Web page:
SAP has also helped digitize most state-owned transportation systems including the Indian Railways and Airports Authority of India. For example, SAP applications automatically generate eight million unreserved tickets per day and improve efficiency for the 1600 rail-coaches built each year in Indian Railways. And SAP provides the digital backbone for the Airports Authority Which uses SAP systems to better manage 125 airports which handle the movement of 1.3 million aircraft and 45 million passengers yearly.
Bring Banking to the Countryside
SAP is also an important partner for the Indian government in advancing digital finance. For example, SAP, US AID and the World Economic Forum are investigating how to build extended payment systems so people in India’s rural areas can use cloud and mobile technology to pay for services more easily.
Similarly, Adarsh Credit Co-operative Society, is a leading multi-state credit co-operative society that reaches a million-plus members across India is using SAP financial solutions and mobile technology to make it easier for customers to conduct financial transactions and allowing low-income communities to pay bills with a simplified, secure cash collection system.
New Skills for Digital India
Ultimately, the success of the Digital India initiative will depend on more people understanding how to use IT to advance business and society. One million Indians enter the workforce each month but 67 percent of employers say they struggle to find workers with the right qualifications. This skills gap is being bridged by partnerships amongst the private, public and NGO sectors.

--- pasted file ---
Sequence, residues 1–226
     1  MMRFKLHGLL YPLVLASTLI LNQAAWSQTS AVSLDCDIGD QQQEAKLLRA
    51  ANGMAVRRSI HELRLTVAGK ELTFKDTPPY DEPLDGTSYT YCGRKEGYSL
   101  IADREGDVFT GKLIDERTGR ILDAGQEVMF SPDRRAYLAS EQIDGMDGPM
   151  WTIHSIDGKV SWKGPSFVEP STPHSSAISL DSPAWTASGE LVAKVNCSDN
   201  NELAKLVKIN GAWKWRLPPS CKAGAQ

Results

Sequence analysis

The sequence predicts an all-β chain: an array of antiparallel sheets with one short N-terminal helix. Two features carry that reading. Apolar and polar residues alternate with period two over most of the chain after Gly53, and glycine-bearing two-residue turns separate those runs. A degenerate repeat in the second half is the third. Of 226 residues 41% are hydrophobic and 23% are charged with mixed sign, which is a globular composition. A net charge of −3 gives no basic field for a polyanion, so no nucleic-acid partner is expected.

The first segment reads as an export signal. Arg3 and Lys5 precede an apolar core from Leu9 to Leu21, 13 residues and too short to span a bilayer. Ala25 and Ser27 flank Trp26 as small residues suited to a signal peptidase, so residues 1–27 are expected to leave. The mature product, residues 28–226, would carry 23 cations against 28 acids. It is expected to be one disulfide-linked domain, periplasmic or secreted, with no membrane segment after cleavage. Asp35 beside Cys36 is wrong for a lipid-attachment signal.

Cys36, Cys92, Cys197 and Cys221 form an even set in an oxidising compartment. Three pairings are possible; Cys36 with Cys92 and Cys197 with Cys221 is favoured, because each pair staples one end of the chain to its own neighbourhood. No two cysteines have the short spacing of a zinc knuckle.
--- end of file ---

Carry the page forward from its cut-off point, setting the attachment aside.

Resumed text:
Here too, SAP India has played an active role, engaging with many local non-profits and NGOs to bring computer literacy to disadvantaged communities. For example, working with Project Lakshya, the company established over 40 computer training centers in urban slums and rural areas across India, delivering basic computer training to young people.
Earlier this month SAP announced that it would work with NASSCOM, the trade association for the Indian IT industry, to open 25 centers for digital learning across 12 cities in India. Specifically, SAP is partnering with the NASSCOM Foundation, the social development arm of the trade association.
SAP also supports digital-skills training for government employees helping faculty and designing content for these courses. This will help build capacity into the government, and bolster the sustainability of Digital India.
But there is still much work to be done and questions remain about how the government will deliver on the promise of Digital India.
That’s why partnering with established technology companies like SAP is so critical. With SAP’s global experience helping companies around the world to digitize, it can provide valuable support to the Indian Government on policy and program management issues, including those related to emerging technologies like cloud, analytics, mobile and Internet of Things.
SAP’s years of experience helping the world’s largest organizations successfully negotiate the mercurial technology landscape is exactly the kind of know-how required to help India achieve its ambitious goals and realize its potential.